Best Hikes in the World
Here are the "best of the best" bucket list hikes that you have to experience at least once in a lifetime. Some are long, some are short, but they're all unique and considered the best hiking trails in the world.
|Peter Skene Ogden Trail Guide||18||Hard||La Pine||2100||Y|
|How to Hike the Lost Coast Trail||25.5||Hard||Shelter Cove||1000||Y|
|Eagle Creek Trail Guide||4.2||Moderate||Cascade Locks||525||Y|
|Telescope Peak Hike (Death Valley)||12.5||Hard||Death Valley||3200||N|
|Timberline Trail Guide (Mt Hood)||41.5||Hard||Government Camp||10800||Y|
|Hoh River Trail to Blue Glacier Hike Guide||36||Hard||Forks||5400||N|
|Rim to Rim Grand Canyon Hike Guide||21||Very Hard||Grand Canyon Village||6200||N|
|Trans Catalina Trail (TCT) Hike Guide||38.5||Hard||Avalon||7900||Y|
|How To Hike Half Dome – The Complete Guide||17||Very Hard||Yosemite Village||5200||N|
|Clouds Rest Hike Guide||12.5||Hard||Lee Vining||3200||N|
|Cottonwood Lakes Hike||13||Moderate||Lone Pine||1350||Y|
|Mt Charleston Peak Hike – South Loop Trail||17.5||Very Hard||Mt Charleston||4890||Y|
|Mt Whitney Hike||21.5||Very Hard||Whitney Portal||6960||N|
|Cactus to Clouds Hike||21||Very Hard||Palm Springs||10800||N|
The Peter Skene Ogden Trail is a hidden gem. Although it is not widely known among the hiking community, it is designated a National Recreation Trail (NRT) because it “represents its region, supports a diverse community, and is among America’s best trails,” this hike is worth a visit. You’ll hike along Paulina Creek, passing numerous waterfalls, and arrive at Newberry Volcano’s caldera at the end. The volcano is the largest in the Cascades arc, still active, and a smidgen smaller than the size of Rhode Island. This hike has a lot going on!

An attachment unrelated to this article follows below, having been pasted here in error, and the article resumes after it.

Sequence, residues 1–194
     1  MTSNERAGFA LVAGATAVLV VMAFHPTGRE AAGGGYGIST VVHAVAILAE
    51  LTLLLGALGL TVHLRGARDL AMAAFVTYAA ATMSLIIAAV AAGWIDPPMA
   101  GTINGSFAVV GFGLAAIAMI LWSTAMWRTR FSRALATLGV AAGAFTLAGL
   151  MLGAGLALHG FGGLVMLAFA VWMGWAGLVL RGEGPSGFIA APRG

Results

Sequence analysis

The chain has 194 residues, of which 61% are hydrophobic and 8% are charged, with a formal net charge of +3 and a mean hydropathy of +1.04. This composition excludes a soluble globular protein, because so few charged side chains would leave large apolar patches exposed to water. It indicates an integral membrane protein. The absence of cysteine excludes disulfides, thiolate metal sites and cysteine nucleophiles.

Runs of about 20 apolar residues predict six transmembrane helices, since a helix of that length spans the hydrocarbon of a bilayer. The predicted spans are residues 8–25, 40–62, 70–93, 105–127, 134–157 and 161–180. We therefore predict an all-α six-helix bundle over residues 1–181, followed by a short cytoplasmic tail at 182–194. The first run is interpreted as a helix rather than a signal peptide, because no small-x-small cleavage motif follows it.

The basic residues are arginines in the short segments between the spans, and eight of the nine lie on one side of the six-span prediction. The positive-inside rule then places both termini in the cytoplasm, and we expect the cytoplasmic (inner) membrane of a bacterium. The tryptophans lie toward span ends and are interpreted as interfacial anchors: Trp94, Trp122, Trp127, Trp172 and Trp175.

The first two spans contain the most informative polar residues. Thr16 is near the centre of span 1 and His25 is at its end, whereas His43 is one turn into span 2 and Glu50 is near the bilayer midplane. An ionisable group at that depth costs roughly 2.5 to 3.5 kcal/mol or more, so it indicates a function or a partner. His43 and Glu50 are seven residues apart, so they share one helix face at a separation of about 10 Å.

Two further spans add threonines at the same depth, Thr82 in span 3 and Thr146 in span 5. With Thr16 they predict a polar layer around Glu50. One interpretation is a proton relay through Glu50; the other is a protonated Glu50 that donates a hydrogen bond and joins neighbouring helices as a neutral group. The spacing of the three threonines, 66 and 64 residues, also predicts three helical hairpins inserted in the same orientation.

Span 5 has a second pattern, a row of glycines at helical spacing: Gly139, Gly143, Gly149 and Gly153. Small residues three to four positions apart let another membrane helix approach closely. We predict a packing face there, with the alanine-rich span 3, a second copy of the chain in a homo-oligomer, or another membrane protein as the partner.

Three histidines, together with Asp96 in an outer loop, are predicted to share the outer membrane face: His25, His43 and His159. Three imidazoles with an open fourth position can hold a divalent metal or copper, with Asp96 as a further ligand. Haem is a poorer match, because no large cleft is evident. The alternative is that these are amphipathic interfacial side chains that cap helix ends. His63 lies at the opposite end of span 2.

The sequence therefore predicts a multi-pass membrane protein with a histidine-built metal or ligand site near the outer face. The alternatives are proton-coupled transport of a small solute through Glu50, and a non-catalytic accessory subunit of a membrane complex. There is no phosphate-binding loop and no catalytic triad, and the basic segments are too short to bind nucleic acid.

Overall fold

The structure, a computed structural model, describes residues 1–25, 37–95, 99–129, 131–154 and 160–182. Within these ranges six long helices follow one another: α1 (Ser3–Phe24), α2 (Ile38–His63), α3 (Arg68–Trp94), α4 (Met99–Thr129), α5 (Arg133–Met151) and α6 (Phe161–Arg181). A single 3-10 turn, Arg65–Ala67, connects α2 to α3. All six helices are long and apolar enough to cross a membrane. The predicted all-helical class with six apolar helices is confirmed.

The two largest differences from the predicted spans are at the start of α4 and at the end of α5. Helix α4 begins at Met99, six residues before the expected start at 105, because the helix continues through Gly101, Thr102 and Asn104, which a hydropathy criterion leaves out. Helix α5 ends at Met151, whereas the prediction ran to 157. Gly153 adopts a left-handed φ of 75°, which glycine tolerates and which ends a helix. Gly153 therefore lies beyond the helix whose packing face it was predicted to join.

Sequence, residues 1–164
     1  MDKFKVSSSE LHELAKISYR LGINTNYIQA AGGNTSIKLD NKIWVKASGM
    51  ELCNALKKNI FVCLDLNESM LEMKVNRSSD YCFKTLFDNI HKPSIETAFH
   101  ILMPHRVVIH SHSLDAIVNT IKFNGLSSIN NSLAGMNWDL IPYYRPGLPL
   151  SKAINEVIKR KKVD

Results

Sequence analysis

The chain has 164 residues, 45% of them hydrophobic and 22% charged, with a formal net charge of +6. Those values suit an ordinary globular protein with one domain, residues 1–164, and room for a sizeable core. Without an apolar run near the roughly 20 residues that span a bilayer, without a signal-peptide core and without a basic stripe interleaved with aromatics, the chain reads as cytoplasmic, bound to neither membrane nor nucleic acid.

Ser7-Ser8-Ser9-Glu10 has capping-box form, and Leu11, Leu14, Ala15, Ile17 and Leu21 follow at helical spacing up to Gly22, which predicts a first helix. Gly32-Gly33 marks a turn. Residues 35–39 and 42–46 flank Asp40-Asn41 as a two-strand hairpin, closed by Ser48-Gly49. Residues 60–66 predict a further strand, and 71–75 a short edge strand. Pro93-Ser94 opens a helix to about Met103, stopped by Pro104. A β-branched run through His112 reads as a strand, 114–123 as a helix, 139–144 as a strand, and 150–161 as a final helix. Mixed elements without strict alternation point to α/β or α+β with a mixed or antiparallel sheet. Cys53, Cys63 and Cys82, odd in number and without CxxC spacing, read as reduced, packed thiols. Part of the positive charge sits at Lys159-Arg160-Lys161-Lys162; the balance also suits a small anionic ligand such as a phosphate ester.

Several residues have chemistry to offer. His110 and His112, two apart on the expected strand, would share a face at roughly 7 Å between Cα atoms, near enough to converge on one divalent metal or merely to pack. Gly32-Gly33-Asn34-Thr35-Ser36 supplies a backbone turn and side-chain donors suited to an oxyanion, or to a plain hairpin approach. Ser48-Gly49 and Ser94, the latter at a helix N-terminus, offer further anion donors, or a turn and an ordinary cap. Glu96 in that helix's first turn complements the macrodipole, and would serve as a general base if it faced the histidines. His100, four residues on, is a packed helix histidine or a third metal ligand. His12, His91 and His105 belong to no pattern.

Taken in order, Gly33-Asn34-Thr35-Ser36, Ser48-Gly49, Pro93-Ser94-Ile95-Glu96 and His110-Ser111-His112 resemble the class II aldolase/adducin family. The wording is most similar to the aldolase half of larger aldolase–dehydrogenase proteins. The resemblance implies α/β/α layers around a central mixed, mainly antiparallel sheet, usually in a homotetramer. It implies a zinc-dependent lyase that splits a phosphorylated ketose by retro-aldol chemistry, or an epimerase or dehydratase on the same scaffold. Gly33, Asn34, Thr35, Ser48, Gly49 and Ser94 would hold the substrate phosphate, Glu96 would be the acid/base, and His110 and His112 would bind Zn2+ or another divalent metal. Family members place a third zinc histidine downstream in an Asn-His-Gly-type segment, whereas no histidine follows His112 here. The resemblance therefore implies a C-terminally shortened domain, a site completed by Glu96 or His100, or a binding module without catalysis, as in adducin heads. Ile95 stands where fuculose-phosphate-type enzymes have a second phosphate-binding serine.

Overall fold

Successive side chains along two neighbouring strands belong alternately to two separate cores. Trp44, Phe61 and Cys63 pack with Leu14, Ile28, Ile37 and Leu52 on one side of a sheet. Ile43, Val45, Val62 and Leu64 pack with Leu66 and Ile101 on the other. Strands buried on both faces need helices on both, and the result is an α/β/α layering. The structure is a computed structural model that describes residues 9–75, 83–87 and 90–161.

La Pine, 97739 - 18 miles, Hard
Worthy of any hiking bucket list, the Lost Coast Trail offers a challenging adventure along California’s longest stretch of undeveloped coastline. You’ll hike along the boundary where the King Range Wilderness and the Pacific Ocean collide, showcasing nature’s beautiful and powerful forces. This guide will cover everything you need to know to make the Lost Coast Trail a reality, from planning to preparing and then doing the hike. There are several sections of Lost Coast Trail; in this guide, I’ll cover the most popular stretch from Mattole Beach to Shelter Cove’s Black Sands Beach.
Shelter Cove, CA - 25.5 miles, Hard
You can’t go wrong with a hike on the Eagle Creek Trail, considered the signature trail of the Columbia River Gorge. Right from the start, the Eagle Creek Trail offers dramatic views of waterfalls, a raging mountain stream, dense PNW forest, and towering basalt cliffs. Most hikers enjoy the short 4.2-mile roundtrip hike to Punchbowl Falls, but I highly recommend going farther if you have the fitness. You can even make it an overnight backpacking trip, ideally hiking to the end of the Eagle Creek Trail at Wahtum Lake, high in the mountains. Whatever option you choose, you can’t go wrong here.
Cascade Locks, OR - 4.2 miles, Moderate